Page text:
I have five novels published with two different small presses (Inspired Quill Publishing and Wild Pressed Books). The books are: Sea Babies, The Last Time We Saw Marion, Of His Bones, The Eliza Doll and Another Rebecca, as well as poetry pamphlets So Fast and Postcards from the Van. My novels have been described as both poetic and painterly – apt, as I did practise for more than twenty years as a visual artist.

When did you first realize you wanted to be a writer and what ignited your author’s flame?

Reading and being read to as a child must have ignited my writer’s flame. My earliest memories are of my mum reading to us, and I remember being six or seven, and understanding that I could actually read by myself, and lose myself in the world inside the pages of a book. Sometime after that I began my first attempts at writing my own books. By the time I was ten, I knew I wanted to be a writer.

What is an interesting quirk you have, that we wouldn’t know by reading your biography?

I make a lot of my own clothes and I cut my own hair.

What would you choose as your mascot, spirit animal, or avatar and why?

I think I would choose a white Collie-shaped dog, like my own beautiful rescue-girl, Luna. She just seems to look directly into my eyes and connect, it feels as if with my very soul.

What does your ideal writing space look like?

My ideal writing space looks like a shed, and for much of my writing life it has been a writer’s shed, in which I would hang rugs on the walls and make it feel like my own special cave. However, the only shed I have at the moment is on my allotment, and I barely have the time when there to do any writing other than some musing in a notebook. Between my job as an editor for the small press I run with my husband, and various marketing activities, and posting books out, I tend to leave my desk in our shared office and take sanctuary in the spare bedroom to do my own writing.

What are you currently reading?

I’m reading Transcription by Kate Atkinson. I’m not far enough in yet to be able to say whether I love it as much as her previous books. (Edit: I’m further in now and I do!)

What do you do when not writing or marketing your books?

I love making my own clothes, reading, and working on my allotment or in my small garden. I also love going on trips in our camper van – getting away from it all.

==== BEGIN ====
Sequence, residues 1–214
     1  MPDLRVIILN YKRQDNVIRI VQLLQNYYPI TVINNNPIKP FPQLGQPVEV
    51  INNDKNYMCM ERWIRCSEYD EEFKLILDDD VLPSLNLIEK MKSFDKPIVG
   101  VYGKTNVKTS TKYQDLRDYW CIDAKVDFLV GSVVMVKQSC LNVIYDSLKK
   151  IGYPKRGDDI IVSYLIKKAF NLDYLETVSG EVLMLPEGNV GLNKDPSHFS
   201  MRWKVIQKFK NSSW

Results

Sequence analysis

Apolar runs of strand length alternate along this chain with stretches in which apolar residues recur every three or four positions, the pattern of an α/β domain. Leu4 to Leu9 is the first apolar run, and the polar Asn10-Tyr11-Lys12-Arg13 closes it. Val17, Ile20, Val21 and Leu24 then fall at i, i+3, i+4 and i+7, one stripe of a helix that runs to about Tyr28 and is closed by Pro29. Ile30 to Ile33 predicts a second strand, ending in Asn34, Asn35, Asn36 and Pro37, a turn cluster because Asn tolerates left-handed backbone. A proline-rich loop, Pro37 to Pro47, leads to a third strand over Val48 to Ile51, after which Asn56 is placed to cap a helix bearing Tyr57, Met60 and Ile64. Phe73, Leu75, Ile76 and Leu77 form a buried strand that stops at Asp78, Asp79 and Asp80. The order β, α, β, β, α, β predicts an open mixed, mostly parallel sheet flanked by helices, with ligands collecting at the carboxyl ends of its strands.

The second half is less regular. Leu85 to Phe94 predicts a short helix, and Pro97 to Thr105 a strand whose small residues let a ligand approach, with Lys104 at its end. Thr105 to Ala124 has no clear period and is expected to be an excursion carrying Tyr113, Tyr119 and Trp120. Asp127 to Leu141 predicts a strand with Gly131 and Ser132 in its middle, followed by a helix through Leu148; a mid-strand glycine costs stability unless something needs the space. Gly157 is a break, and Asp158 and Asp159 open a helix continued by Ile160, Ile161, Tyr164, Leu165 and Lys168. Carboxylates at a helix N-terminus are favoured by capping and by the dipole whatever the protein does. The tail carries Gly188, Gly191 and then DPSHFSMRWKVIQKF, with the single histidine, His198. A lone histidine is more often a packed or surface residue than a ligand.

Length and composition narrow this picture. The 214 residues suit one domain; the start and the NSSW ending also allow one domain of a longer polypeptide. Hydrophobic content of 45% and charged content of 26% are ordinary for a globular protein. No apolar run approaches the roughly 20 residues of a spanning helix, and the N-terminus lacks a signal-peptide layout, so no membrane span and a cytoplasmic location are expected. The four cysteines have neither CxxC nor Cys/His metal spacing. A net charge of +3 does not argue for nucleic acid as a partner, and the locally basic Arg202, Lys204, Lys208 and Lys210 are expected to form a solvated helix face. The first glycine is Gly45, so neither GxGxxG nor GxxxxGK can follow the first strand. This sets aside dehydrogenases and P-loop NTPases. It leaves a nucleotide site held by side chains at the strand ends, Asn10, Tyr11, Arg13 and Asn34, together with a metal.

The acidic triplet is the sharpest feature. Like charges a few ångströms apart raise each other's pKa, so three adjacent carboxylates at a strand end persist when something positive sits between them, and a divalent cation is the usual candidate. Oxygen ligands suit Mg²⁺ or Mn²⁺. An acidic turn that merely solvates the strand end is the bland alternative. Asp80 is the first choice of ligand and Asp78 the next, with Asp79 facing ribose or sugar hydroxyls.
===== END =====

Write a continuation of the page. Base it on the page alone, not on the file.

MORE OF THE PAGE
What is the most surprising thing you’ve learned about yourself through writing?

I’ve learned that I can and will commit to a task and see it through. I think I gave up on so many things when I was younger, and I’m proud of the way I’ve developed my self-discipline over the course of my writing career.

Do you journal write or keep a personal diary? 

I’ve kept a personal diary, on and off, since about the age of thirteen, but the only ones I still have in my possession date from the age of eighteen. I don’t specifically write a diary now, but there are aspects of personal journalism scattered in my notebooks, of which I have many. I regret that the advent of my computer use, in the 1990s, began to impinge on my dedicated diary-writing. So many of my noted-down thoughts, whether in emails or personal notes, have been lost now as the technology developed and became discarded at such a fast pace.

What do you miss about being a kid?

I miss how long the summer seemed to be, and that there was no feeling of urgency about getting things achieved. There seemed to be all the time in the world!

Which of your personality traits has been most useful and why?

My resourcefulness and determination have seen me through a lot of difficult times. A health professional recently remarked “I get the feeling you’ll do things the way you want to, anyway,” as though it was an insult. I’m happy that I’m self-reliant and able to think ‘off the hook’, but I sometimes do feel like a bit of an alien in a world of boxes that I don’t seem to fit into.

What’s your favourite place to visit in your country and why?

The Outer Hebrides, without a doubt! I love Scotland in general but I’m particularly fond of the Western Isles. We’ve travelled there often in our camper van and went there again in June, to promote my latest novel, Sea Babies.

Describe the perfect solo date you’d take yourself on … where, time of day, weather, place, etc.